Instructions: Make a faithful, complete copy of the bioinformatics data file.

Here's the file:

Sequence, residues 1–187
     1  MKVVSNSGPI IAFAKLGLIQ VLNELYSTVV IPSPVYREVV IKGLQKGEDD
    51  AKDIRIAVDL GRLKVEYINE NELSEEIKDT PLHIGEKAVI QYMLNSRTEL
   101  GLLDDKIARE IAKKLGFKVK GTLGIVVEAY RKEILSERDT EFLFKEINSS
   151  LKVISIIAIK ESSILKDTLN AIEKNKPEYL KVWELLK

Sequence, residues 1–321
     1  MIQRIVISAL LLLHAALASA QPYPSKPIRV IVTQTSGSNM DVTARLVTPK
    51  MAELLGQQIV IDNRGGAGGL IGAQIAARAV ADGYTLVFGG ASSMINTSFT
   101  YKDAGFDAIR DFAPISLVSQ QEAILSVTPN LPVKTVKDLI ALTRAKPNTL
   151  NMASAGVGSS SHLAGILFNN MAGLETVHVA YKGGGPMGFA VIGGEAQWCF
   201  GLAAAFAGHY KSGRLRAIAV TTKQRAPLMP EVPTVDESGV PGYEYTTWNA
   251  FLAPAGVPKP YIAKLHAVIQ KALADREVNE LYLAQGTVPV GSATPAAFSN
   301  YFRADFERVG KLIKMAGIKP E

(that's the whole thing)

Sequence, residues 1–187
     1  MKVVSNSGPI IAFAKLGLIQ VLNELYSTVV IPSPVYREVV IKGLQKGEDD
    51  AKDIRIAVDL GRLKVEYINE NELSEEIKDT PLHIGEKAVI QYMLNSRTEL
   101  GLLDDKIARE IAKKLGFKVK GTLGIVVEAY RKEILSERDT EFLFKEINSS
   151  LKVISIIAIK ESSILKDTLN AIEKNKPEYL KVWELLK

Sequence, residues 1–321
     1  MIQRIVISAL LLLHAALASA QPYPSKPIRV IVTQTSGSNM DVTARLVTPK
    51  MAELLGQQIV IDNRGGAGGL IGAQIAARAV ADGYTLVFGG ASSMINTSFT
   101  YKDAGFDAIR DFAPISLVSQ QEAILSVTPN LPVKTVKDLI ALTRAKPNTL
   151  NMASAGVGSS SHLAGILFNN MAGLETVHVA YKGGGPMGFA VIGGEAQWCF
   201  GLAAAFAGHY KSGRLRAIAV TTKQRAPLMP EVPTVDESGV PGYEYTTWNA
   251  FLAPAGVPKP YIAKLHAVIQ KALADREVNE LYLAQGTVPV GSATPAAFSN
   301  YFRADFERVG KLIKMAGIKP E